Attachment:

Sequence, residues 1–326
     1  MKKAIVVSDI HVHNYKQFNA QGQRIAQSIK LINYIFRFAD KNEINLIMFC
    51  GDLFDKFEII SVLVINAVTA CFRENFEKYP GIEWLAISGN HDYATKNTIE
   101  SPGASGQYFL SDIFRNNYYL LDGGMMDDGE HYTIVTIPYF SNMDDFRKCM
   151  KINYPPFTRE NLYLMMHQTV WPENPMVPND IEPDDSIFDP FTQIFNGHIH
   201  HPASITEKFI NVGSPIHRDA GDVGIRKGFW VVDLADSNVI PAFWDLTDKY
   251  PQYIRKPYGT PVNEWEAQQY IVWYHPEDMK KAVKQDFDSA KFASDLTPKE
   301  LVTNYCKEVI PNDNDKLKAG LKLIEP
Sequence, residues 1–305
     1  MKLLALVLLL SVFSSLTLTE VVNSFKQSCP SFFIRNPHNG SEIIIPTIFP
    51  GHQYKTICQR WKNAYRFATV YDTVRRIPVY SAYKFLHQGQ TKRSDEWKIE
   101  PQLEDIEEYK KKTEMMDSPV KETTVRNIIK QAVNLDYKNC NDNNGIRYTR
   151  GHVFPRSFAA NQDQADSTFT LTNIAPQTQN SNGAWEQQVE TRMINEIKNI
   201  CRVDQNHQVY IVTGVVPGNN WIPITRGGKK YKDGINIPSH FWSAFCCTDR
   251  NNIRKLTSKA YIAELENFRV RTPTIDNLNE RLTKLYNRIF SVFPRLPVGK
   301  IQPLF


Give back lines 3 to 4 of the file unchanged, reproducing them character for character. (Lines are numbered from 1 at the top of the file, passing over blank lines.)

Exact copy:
    51  GDLFDKFEII SVLVINAVTA CFRENFEKYP GIEWLAISGN HDYATKNTIE
   101  SPGASGQYFL SDIFRNNYYL LDGGMMDDGE HYTIVTIPYF SNMDDFRKCM